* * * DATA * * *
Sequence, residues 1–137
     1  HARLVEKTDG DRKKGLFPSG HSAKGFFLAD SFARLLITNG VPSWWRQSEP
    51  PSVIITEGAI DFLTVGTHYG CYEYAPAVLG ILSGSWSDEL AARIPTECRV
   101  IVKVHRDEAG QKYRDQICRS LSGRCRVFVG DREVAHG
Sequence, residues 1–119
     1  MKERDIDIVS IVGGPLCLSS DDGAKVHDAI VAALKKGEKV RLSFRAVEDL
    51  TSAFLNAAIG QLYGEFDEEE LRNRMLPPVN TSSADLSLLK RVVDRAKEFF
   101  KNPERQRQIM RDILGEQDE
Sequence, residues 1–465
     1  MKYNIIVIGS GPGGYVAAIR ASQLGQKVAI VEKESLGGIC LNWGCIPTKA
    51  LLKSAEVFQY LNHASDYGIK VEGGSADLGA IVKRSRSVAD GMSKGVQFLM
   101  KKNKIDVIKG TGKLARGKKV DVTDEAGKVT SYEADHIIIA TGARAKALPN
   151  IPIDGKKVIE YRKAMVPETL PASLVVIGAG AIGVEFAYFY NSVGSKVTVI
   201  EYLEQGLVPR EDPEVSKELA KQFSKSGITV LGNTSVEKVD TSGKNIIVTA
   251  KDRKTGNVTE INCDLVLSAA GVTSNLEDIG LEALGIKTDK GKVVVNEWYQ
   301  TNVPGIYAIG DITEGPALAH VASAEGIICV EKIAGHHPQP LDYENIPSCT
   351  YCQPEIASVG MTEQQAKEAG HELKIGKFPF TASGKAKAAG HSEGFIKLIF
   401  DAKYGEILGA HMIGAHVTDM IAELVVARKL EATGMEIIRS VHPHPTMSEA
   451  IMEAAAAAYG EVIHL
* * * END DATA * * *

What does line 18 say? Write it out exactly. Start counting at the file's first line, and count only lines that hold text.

   401  DAKYGEILGA HMIGAHVTDM IAELVVARKL EATGMEIIRS VHPHPTMSEA